A few reviewers found fault with certain aspects of the novel but liked the book as a whole. Phoebe Low Adams, a reviewer for the Atlantic Monthly called the book "successful," but went on, -
It is frankly and completely impossible, being told in the first person by a six-year-old girl with the prose style of a well-educated adult. -
Adams seems not to have noticed that you are told at the beginning of the story that the narrator is the grownup Scout looking back on her childhood experiences. Or perhaps Miss Adams knows this, but feels that the author herself failed to carry through with this premise. If the adult Jean Louise Finch is really telling the story, why does she never tell us how her attitudes toward her father, the Tom Robinson case, and other matters have changed over the years? Are you as bothered by this as Adams was?
Other reviewers enjoyed the substance of the novel, but found fault with the style. One such reviewer wrote the following: -
The praise that Miss Lee deserves must be qualified somewhat by noting that oftentimes the narrator's expository style has a processed, homogenized, impersonal flatness quite out of keeping with the narrator's gay, impulsive approach to life in youth. Also, some of the scenes suggest that Miss Lee is cocking at least one eye toward Hollywood.... Frank H. Lyell, "One-Taxi Town," 1960 The New York Times Book Review, July 10, 1960
Mr. Lyell was certainly right about the story's being just right for a Hollywood movie, but notice that his reaction to the style is completely opposite to that of Richard Sullivan, quoted in the beginning of this section.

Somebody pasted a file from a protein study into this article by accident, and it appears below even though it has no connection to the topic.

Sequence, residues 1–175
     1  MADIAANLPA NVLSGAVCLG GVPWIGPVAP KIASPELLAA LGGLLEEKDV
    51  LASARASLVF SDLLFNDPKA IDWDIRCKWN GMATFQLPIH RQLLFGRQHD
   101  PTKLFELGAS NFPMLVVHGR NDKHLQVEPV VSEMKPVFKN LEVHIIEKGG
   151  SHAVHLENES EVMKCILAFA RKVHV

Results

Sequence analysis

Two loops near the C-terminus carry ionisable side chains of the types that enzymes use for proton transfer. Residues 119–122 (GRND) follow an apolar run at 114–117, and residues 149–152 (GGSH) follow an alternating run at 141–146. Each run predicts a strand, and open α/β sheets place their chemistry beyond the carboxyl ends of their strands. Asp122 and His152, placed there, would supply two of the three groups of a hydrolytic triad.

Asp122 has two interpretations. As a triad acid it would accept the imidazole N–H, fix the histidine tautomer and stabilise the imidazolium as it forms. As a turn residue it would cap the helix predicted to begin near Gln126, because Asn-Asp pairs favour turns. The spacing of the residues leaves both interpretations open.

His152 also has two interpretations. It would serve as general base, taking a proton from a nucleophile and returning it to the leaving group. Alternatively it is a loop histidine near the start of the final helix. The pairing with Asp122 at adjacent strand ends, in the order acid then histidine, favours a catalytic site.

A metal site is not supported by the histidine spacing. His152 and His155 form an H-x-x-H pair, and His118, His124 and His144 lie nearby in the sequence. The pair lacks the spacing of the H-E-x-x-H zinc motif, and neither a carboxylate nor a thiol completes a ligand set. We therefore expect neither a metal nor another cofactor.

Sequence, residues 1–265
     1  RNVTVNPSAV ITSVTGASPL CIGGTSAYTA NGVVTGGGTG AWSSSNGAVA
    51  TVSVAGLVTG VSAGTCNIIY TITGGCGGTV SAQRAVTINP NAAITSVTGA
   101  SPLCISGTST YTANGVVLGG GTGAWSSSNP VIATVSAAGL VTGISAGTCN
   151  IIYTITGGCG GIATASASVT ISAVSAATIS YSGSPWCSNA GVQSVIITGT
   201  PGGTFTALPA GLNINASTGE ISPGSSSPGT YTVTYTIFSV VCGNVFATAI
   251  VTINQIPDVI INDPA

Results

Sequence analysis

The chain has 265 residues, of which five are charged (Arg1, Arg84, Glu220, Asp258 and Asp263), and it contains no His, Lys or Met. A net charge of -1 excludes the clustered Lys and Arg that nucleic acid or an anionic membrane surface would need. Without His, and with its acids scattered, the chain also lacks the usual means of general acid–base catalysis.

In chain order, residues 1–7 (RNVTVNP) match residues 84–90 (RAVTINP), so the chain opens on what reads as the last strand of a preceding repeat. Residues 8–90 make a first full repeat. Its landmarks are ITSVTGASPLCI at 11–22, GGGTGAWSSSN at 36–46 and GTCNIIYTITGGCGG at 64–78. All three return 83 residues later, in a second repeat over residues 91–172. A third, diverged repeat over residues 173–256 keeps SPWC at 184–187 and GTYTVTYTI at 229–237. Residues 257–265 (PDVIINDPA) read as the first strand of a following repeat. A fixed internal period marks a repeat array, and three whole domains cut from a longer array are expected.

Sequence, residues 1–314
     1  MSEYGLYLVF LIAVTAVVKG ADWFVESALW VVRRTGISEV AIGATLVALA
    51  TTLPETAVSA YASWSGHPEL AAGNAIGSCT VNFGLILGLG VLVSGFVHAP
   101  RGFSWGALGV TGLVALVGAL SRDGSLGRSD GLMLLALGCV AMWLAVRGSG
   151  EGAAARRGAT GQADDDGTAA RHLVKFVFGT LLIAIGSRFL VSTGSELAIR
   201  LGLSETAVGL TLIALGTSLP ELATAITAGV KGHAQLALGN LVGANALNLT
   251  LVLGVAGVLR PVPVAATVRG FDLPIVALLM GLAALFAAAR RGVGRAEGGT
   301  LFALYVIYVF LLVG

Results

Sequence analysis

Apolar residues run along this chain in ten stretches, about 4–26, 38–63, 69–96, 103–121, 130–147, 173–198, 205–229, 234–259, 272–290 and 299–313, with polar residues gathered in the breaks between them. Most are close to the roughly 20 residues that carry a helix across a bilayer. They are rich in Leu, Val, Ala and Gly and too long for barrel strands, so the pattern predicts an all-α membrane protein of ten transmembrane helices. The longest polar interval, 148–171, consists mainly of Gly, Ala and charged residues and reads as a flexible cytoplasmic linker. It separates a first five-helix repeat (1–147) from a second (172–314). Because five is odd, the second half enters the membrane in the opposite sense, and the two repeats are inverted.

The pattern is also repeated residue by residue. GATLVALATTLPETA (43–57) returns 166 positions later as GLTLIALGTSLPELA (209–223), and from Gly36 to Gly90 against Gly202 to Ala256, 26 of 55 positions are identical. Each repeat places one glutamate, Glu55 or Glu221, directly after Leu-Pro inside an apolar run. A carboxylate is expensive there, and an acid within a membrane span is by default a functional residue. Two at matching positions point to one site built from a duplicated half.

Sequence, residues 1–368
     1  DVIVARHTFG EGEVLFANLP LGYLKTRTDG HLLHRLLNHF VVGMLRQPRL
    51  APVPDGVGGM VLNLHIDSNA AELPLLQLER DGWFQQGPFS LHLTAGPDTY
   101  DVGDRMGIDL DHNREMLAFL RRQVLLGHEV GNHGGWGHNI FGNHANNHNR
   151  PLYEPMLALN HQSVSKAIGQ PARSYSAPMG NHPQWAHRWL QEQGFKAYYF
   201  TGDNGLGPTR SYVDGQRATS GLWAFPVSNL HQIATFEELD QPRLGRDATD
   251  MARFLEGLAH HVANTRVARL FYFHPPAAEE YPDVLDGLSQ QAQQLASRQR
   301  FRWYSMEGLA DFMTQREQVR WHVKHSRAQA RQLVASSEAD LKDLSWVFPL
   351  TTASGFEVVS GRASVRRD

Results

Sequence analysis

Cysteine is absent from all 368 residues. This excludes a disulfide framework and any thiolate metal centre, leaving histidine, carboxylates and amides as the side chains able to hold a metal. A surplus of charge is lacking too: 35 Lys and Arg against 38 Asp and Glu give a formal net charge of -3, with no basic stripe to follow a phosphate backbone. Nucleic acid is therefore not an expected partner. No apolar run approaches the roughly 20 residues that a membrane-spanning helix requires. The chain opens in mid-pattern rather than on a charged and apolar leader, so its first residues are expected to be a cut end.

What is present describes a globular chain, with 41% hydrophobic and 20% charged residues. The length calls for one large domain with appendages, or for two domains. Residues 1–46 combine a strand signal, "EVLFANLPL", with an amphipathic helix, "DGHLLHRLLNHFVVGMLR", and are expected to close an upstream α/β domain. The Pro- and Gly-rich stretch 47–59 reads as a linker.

A third point of view on Harper Lee's style was presented in the magazine Commonweal:
Both the style and the story seem simple, but no doubt it is quite an achievement to bring them to that happy condition. Leo Ward in Commonweal, December 9, 1960
As far as the content of the novel goes, several critics have cautioned against the temptation to see To Kill a Mockingbird as only a "sociological" novel. One teacher writes:
Students enjoy reading To Kill a Mockingbird, but my experience has been that their appreciation is meager. Over and over again their interpretations stress the race prejudice issue to the exclusion of virtually everything else... Edgar H. Schuster, "Discovering Theme and Structure in the Novel," English Journal, October, 1963
Not everyone would agree with this point of view. For example, Leo Ward in the review quoted above compares To Kill a Mockingbird with John Steinbeck's The Grapes of Wrath- a novel admired in large measure for its powerful portrait of the plight of the poor and oppressed.
On the other hand, critics who tend to agree with Schuster that the novel is not so much about racial prejudice as about the universal experiences of growing up, have compared the novel with Carson McCullers' The Member of the Wedding and with Mark Twain's Tom Sawyer and Huckleberry Finn.
Finally, in making up your mind about the novel's ultimate literary worth, keep in mind these comments from a British review. The reviewer agrees with those who think that To Kill a Mockingbird is mainly a story about growing up, not a "social problem" novel. On the other hand, he agrees with Leo Ward that sometimes readers do not appreciate the art that goes into creating a novel that seems simple and straightforward: -
The innocent childhood game that tumbles into something adult and serious is a fairly common theme in fiction, but I have not for some years seen the idea used so forcefully.... Pretty soon we are in the adult game, based on the same fear and fascination of the dark: the ugliness and violence of a Negro's trial for rape and the town's opposition to the children's father for defending him. Miss Lee does well what so many American writers do appallingly: she paints a true and lively picture of life in an American small town. And she gives freshness to a stock situation. Keith Waterhouse in The New Statesman, October 15, 1960
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